Journal on Sinner’s Behavioral Analysis Part 2
This paper shall explore Skinner and his work on Behavioral Analysis. His work in this field has been influential in the world of Psychology and in this paper; aspects like his early research will be explored, to give insight on how Skinner came to his early ground breaking findings. Not only will his work will be looked at in the context of his contemporaries but the possible effects of Skinner’s work on today’s world shall also be taken into consideration. This will include how Skinner’s operant paradigm was the groundwork for research into infant behavior and development, how is work in verbal behavior may correlate with the modern relational frame theory, and Skinner’s contributions to behaviorism and the world. Journal on Sinner’s Behavioral Analysis Part 2
Jacob L. Gewirtz and Martha Pehlez-Nogueras team up to write an article for the American Psychologist, an article by the name of “B. F. Skinner's Legacy to Human Infant Behavior and Development.” In this article, the two authors aim to depict Skinner’s contributions to research in Infant’s behavior as well as their development. The two connect Skinner’s work in behavioral analysis to others’ work in human infant behavior and development, and then attempt to explain why Skinner’s research has so much impact on the field of human infant behavior and development.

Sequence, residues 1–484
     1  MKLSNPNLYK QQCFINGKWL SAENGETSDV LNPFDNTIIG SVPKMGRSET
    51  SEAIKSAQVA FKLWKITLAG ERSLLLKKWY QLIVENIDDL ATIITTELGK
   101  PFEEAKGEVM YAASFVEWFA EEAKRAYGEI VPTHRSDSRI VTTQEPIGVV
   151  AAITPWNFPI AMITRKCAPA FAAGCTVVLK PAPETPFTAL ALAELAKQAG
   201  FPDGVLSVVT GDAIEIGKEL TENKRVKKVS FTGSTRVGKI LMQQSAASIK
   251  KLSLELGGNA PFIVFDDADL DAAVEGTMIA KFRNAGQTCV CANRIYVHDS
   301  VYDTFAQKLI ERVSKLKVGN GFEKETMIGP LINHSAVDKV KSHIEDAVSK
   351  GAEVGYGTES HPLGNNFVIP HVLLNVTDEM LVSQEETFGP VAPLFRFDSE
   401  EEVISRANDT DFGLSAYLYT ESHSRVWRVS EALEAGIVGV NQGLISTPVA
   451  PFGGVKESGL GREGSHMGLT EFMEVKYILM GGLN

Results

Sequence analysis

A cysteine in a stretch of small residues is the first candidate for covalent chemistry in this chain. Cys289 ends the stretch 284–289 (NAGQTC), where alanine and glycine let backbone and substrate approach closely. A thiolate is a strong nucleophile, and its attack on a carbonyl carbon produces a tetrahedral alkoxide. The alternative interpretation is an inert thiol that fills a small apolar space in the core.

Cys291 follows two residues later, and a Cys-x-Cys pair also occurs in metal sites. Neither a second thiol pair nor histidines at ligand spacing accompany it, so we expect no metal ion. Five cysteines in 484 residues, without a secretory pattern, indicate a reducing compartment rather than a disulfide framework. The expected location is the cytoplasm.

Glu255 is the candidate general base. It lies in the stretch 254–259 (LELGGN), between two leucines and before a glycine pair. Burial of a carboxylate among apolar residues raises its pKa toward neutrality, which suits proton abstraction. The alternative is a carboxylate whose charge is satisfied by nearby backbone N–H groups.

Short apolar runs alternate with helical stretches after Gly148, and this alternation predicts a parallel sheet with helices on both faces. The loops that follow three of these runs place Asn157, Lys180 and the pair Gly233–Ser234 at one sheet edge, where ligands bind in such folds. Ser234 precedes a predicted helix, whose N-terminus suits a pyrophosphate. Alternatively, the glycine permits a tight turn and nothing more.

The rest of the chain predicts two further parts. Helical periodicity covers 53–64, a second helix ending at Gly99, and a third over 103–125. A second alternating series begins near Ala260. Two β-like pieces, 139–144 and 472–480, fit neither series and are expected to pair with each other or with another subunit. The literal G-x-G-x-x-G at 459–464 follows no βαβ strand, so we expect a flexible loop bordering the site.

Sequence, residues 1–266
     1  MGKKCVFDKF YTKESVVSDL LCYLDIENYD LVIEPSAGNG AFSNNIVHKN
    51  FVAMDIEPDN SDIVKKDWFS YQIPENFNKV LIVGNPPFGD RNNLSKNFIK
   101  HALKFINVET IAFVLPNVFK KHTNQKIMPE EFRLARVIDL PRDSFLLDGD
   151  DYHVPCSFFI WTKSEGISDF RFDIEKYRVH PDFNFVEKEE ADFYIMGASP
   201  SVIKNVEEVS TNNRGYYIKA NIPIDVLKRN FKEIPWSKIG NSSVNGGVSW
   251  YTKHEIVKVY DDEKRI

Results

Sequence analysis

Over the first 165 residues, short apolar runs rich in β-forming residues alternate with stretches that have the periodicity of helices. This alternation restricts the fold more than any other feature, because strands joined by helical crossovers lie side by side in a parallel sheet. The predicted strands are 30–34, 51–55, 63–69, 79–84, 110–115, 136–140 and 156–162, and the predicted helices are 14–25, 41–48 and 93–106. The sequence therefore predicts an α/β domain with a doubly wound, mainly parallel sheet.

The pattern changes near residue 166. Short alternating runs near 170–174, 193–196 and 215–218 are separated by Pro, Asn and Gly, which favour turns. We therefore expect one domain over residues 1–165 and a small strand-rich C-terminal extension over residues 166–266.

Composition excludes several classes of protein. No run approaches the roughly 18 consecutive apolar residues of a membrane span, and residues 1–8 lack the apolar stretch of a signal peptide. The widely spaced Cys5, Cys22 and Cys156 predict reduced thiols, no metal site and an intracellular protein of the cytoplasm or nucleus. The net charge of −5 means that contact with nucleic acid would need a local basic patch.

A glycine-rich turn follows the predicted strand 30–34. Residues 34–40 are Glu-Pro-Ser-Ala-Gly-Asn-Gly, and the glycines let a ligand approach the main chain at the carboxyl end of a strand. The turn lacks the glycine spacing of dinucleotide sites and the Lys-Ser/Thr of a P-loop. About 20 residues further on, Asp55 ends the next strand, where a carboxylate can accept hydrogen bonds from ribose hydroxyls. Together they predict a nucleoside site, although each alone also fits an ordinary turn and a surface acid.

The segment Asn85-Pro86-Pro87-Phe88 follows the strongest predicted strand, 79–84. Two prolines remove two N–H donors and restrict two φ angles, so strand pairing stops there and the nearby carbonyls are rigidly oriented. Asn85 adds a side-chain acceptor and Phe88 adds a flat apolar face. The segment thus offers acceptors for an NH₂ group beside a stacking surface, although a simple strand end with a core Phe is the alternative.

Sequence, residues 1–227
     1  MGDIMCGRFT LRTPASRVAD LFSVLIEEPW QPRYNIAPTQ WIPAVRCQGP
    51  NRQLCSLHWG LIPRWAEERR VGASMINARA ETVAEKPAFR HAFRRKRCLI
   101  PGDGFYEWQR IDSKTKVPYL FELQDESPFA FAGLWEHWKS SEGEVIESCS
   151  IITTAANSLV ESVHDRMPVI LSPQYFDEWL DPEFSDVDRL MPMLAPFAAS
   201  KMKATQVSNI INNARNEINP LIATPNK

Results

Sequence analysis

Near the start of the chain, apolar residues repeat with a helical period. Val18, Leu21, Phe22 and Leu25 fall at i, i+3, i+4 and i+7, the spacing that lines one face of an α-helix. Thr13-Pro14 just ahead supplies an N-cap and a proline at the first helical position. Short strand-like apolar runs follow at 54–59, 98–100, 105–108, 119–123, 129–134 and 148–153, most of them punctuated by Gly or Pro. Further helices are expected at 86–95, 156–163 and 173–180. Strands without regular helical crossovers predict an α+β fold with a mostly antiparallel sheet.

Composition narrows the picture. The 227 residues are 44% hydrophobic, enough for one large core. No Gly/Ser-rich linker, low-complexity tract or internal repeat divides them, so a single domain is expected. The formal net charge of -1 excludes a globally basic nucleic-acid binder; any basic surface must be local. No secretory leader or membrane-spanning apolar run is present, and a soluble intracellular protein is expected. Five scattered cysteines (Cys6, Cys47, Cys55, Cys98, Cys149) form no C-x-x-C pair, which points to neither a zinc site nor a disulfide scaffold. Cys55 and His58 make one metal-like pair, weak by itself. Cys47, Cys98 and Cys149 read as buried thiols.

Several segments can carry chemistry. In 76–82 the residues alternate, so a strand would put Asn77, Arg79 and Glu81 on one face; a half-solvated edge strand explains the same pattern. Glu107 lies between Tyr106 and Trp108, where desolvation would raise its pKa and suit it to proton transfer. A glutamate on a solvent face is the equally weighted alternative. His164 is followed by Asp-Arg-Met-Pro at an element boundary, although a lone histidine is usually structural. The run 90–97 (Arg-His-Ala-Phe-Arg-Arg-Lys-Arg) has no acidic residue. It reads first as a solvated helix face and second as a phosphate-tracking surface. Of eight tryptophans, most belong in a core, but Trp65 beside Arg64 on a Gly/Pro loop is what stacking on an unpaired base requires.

The article begins with the small introductory paragraph, stating that Skinner’s legacy to the field of human infant behavior and development is due to “largely the practicality, the efficiency, and the comparative advantage of using the operant-learning paradigm” (Pehlez-Nogueras, 1992). The actual article begins with acknowledging Skinner’s contributions to the field of psychology, specifically his contribution “to delineate operationally the three-term contingency” (Pehlez-Nogueras, 1992). The authors credit...